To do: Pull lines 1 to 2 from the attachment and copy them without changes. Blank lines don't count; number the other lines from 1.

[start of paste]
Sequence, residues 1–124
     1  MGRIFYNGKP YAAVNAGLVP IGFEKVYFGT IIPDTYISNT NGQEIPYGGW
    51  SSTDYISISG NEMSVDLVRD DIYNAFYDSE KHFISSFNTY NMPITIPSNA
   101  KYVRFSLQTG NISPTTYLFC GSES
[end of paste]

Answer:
Sequence, residues 1–124
     1  MGRIFYNGKP YAAVNAGLVP IGFEKVYFGT IIPDTYISNT NGQEIPYGGW